The British Safety Council has recently identified that air pollution is linked to 36,000 early deaths a year in the UK. They are calling on all employers with workers who regularly work outside or drive heavy goods vehicles on busy roads with high levels of pollution, to take measures to safeguard their employees from exposure.
From a small trial carried out, the most affected employees were a construction worker and HGV driver. The site engineer was found to have air pollution exposure levels six times higher than that of the office worker.
Similarities are being made between lung damage and recent compensation claims made by workers suffering from asbestosis and the potential risk of claims that could follow from high levels of pollution in some of our cities.
Currently the government is not demanding that employers address this health hazard. However, an app launched by King’s College London for the British Safety Council’s “Time to Breathe” campaign is available to outdoor workers across London to monitor the users exposure to pollution and when the amount exceeds the limits for nitrogen dioxide, particles and ozone, the user is notified. This will help employers and workers to act and reduce exposure by reducing strenuous work, putting up barriers or working away from traffic until levels improve.
The British Safety Council is calling on government to recognise exposure to ambient air pollution as an occupational health hazard and adopt the World Health Organisation’s (WHO) exposure guidelines for nitrogen dioxide, particles and ozone.
How long will it be before the government is forced to recognise the WHO exposure guidelines?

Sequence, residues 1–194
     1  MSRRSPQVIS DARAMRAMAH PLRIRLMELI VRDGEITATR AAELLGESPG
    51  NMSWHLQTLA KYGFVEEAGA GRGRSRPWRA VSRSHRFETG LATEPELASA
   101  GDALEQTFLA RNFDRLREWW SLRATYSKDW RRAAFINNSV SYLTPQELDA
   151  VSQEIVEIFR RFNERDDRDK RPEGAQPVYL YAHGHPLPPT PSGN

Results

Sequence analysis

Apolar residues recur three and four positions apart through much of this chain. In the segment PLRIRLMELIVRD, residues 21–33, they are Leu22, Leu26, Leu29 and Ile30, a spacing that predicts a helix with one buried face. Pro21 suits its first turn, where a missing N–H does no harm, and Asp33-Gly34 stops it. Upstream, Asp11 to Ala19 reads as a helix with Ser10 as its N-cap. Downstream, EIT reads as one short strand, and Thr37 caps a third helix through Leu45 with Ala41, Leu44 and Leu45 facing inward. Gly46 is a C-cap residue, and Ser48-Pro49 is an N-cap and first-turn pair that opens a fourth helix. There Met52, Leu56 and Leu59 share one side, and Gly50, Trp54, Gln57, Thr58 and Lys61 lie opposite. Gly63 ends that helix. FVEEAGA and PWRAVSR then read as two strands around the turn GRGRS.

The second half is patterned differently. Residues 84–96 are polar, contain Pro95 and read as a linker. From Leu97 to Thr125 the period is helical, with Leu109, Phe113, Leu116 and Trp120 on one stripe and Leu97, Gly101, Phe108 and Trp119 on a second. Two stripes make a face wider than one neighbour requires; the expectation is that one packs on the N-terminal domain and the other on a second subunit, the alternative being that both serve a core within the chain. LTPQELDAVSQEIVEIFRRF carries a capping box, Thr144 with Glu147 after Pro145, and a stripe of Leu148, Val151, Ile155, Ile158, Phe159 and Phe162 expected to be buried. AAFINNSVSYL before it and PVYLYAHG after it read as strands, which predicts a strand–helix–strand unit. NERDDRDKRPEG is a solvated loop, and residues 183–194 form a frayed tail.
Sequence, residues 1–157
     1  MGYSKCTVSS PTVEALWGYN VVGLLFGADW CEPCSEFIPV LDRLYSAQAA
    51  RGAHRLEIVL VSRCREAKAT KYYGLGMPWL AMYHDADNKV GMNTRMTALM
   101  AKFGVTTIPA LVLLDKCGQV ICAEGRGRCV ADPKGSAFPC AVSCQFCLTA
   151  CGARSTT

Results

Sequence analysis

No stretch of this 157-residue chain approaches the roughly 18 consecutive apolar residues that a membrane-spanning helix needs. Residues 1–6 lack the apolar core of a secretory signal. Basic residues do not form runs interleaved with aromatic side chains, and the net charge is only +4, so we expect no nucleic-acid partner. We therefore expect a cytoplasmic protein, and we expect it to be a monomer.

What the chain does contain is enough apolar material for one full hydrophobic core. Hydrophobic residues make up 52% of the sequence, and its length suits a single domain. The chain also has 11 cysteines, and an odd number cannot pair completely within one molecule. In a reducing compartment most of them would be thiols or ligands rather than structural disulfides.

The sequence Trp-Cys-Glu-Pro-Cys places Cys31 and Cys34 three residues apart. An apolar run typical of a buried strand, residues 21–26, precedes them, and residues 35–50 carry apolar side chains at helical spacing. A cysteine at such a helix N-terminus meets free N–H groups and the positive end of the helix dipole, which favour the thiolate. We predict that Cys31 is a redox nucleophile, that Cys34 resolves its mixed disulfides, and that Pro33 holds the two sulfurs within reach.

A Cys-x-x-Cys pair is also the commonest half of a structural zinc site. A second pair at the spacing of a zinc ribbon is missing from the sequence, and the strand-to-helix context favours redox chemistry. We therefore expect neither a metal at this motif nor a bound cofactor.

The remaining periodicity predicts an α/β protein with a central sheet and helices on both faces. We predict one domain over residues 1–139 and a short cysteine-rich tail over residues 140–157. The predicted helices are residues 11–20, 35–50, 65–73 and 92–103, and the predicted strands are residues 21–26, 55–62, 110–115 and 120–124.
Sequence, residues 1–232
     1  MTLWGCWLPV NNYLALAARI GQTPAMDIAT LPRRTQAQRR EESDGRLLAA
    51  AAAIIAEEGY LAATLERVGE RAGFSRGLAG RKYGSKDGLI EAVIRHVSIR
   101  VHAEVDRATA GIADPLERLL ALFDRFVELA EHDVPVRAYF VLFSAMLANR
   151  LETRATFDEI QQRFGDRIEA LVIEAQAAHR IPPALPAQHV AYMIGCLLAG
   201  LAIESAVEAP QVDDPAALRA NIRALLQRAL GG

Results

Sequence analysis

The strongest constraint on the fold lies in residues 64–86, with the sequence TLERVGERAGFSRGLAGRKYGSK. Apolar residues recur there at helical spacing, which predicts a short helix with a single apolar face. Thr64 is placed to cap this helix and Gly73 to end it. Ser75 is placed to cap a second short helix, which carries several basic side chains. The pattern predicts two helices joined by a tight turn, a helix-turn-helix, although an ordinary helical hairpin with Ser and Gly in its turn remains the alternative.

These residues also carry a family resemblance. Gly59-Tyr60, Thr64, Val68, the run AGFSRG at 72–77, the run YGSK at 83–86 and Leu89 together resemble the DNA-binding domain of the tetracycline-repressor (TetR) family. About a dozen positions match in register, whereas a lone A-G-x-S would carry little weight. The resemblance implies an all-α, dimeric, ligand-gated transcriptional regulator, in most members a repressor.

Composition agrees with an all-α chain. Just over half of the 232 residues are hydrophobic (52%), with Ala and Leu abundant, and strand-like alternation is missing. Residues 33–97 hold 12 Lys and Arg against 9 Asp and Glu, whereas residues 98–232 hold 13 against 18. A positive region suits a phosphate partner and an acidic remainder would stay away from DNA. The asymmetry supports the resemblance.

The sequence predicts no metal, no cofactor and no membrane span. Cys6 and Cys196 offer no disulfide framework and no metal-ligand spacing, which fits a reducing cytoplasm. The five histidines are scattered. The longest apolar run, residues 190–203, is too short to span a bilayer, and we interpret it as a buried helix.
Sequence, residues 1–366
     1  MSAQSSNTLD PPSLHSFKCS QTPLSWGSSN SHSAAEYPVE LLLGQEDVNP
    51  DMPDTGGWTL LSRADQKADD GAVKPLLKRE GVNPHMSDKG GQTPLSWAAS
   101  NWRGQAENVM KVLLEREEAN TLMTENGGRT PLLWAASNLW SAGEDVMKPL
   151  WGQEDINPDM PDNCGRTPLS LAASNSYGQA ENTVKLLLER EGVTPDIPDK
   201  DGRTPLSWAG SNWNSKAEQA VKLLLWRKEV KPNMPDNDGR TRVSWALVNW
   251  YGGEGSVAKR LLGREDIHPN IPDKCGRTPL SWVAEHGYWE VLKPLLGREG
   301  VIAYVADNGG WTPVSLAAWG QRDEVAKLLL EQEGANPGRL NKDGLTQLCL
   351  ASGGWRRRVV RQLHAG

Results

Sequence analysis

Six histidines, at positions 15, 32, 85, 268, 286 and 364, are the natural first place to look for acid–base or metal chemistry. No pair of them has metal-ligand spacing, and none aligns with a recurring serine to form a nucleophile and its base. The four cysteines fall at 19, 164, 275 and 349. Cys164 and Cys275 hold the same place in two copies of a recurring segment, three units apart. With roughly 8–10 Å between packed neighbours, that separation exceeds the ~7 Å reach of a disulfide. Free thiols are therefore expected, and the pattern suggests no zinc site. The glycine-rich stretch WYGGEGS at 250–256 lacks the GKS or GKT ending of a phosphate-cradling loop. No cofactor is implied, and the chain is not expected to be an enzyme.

Will employers face huge claims for compensation in the future by not acting now to protect their workers?
If your employees work outdoors, it may be worth carrying out a risk assessment and taking action to limit their exposure to pollution before new legislation is in place. This could also help reduce the working days lost through work-related illness due to respiratory problems.
Health and safety for your employees
Figures released by the Health and Safety Executive for 2107/18 show:
- 1.4 million working people suffering from a work-related illness
- 2,595 mesothelioma deaths due to past asbestos exposures (2016)
- 144 workers killed at work
- 555,000 injuries occurred at work according to the Labour Force Survey 71,062 injuries to employees reported under RIDDOR
- 30.7 million working days lost due to work-related illness and workplace injury
- £15 billion estimated cost of injuries and ill health from current working conditions (2016/17)
‘Contains public sector information published by the Health and Safety Executive and licensed under the Open Government Licence’.
As an employer you are responsible for the health, safety and welfare of your employees and others who may be affected by your business whilst they are in the workplace.
Organisations that take their health and safety responsibilities seriously and have a management system that will minimise their risk of breaching health and safety regulations, will limit the occurrence of fines and compensation claims that can be handed down by the courts.
Health and safety management systems
There are many ways to implement a management system into your organisation to identify and control injury and illness in your workforce. One of the most widely recognised management systems is OHSAS 18001, soon to become ISO 45001. This provides an internationally recognised framework to enable organisations to assess, manage and reduce the health and safety risks faced by their employees.
Achieving certification to OHSAS 18001 (ISO 45001) by an independent third-party certification body that has been audited by UKAS will demonstrate your commitment and competence to improve the health and safety of your workforce. It will enable you to meet legal obligations for your industry and minimise the risk of accidents, court cases, fines or imprisonment that can be imposed on owners and directors if negligence is proved.
OHSAS 18001 changing to ISO 45001
The process of migration is currently underway to move to the ISO platform bringing OHSAS 18001 in line with other internationally recognised ISO standards.
The 3-year migration process will end on 12th March 2021 and organisations with OHSAS 18001 certification will have to be re-certified to the new standard by this date.
Find out more about the migration and what to do next: http://a-ec.co/category/iso/iso-45001/